FIVE THINGS TO KNOW ABOUT DEPRESSION IN WOMAN

Life has numerous turns and twists. Women encounter many stages of growth and change, from puberty and menstruation to giving birth to menopause. All these rites of passage create emotional ups and downs. Because of these factors, women may have a greater susceptibility to depression. Indeed, depression occurs in women at approximately twice the rate of men.

….FULL ARTICLE

MAINTAINING MENTAL WELL-BEING IN STRESSFUL JOBS

David Brabon is a plastic surgeon. In his practice at Rockcastle Hospital and Respiratory Center in Mount Vernon, Ky. – the largest respiratory care center in the United States – he removes skin cancers from faces and hands and rebuilds shattered noses, among other tasks. He has learned to not only encourage others but to maintain his own mental well-being.

….FULL ARTICLE

CALMING THE MIND THROUGH CONSCIOUS BREATHING

A calm mind is worth its weight in gold, especially in this day and age. There are more bills, emails, tweets, kids running around and relationships in need of time than ever before. Everybody needs to learn how to catch their breath and relax.  Techniques using the breath to calm the mind have been around forever. While these techniques are widely known and accessible, many people feel they don’t even have the time to learn about them, let alone develop a daily practice.

….FULL ARTICLE

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Yeast has already given us bread, wine and beer, but in the very near future it may be a new painkiller.

 

Researchers at Stanford University have genetically engineered baker’s yeast to act on sugar so that in three to five days the sugar is converted to hydrocodone. In the same general way yeast can work on sugar and turn it into alcohol, the engineered yeast can take sugar, break it down and reassemble it into an opioid drug, according to the researchers.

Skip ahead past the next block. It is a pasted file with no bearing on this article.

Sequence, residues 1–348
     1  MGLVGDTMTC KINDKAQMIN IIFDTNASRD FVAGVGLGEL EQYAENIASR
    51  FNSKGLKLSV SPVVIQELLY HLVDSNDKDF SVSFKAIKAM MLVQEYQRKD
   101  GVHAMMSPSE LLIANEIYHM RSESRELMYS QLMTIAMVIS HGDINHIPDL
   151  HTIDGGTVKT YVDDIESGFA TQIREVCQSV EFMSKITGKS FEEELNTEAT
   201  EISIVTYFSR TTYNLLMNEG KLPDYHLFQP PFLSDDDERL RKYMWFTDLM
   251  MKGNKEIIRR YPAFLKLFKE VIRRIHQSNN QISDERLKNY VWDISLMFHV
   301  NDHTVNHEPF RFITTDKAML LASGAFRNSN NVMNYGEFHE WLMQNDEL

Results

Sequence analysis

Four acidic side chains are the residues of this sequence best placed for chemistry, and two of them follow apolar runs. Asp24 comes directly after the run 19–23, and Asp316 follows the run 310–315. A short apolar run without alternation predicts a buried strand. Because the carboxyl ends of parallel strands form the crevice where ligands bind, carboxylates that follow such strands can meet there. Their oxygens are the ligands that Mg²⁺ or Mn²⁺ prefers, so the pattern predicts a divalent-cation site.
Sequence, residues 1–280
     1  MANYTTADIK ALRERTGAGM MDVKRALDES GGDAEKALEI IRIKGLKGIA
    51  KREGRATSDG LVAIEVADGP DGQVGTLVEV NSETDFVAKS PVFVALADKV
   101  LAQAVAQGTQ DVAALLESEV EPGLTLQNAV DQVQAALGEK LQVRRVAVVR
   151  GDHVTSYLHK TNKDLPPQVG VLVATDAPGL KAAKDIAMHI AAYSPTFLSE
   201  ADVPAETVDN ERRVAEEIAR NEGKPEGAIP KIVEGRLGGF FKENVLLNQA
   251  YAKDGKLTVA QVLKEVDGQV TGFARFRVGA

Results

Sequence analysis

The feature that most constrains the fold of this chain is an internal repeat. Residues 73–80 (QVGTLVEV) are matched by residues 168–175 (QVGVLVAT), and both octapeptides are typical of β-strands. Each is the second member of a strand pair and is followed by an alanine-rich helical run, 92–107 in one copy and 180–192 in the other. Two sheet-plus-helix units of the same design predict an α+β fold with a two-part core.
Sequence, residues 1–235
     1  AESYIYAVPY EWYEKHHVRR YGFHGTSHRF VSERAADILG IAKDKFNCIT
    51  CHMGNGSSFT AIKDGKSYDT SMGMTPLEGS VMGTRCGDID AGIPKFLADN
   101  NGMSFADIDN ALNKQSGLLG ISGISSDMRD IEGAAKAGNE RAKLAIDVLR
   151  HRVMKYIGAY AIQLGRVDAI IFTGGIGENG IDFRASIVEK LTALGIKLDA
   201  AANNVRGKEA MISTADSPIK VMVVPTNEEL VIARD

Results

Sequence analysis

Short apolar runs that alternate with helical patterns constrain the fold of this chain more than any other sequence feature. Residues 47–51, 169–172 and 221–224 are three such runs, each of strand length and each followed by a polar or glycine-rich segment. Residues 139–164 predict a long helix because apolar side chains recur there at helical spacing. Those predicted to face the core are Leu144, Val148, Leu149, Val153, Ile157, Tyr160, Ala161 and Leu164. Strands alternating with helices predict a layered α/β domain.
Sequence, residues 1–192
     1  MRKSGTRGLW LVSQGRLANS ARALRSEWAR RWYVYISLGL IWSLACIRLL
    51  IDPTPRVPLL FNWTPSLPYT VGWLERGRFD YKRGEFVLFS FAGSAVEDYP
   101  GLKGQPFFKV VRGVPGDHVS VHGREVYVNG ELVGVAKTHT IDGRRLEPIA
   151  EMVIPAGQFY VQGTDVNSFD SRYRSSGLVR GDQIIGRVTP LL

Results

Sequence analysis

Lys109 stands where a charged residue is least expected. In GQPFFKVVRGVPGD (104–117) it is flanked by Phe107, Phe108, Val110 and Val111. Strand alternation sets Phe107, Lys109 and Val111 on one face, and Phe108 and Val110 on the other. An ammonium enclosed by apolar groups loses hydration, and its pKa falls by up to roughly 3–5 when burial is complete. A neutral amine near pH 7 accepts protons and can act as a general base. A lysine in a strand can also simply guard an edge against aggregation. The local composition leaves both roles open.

Hydrocodone is an opioid class drug whose chemical cousins, oxycodone and morphine, can take more than a year to produce from poppies grown on licensed farms around the world. The poppies must be harvested, processed and shipped to pharmaceutical factories around the world. Speeding up the process would be valuable, as would removing the need for poppies.


In this new process, DNA is introduced into yeast cells that instruct it to create a chemical assembly line. Genes from plants, bacteria and rats are included in the genetic engineering.


“When we started work a decade ago, many experts thought it would be impossible to engineer yeast to replace the entire farm-to-factory process,” said senior study author Christina Smolke, a Stanford

YEAST TRANSFORMS QUICKLY INTO HYDROCODONE

ANGELA S. HOOVER

Angela is a staff writer for Health & Wellness magazine.

more articles by Angela s. hoover

associate professor of bioengineering. The experiment yields thus far have been too small for practical application as yet; it takes a whopping 4,400 gallons of bioengineered yeast to produce just a single dose of hydrocodone. The success is the proof of concept: It can be done. It just needs to produce more.


Smolke says there’s no possibility this technique, as it currently stands, could be used to produce illicit drugs such as heroin. “It’s definitely the case that no one could take these strains now and use them for commercial production or abuse them for nefarious purposes,” Smolke says. “You could get more of these compounds from eating a poppy seed bagel.”


While confirming genetically engineered yeast can produce hydrocodone and thus eliminate the use of poppies and the farm-to-factory process, there is still much more work needed to begin employing these methods. “This is only the beginning,” Smolke said. “The techniques we developed and demonstrate for opioid pain relievers can be adapted to produce many plant-derived compounds to fight cancers, infectious diseases and chronic conditions such as high blood pressure and arthritis.”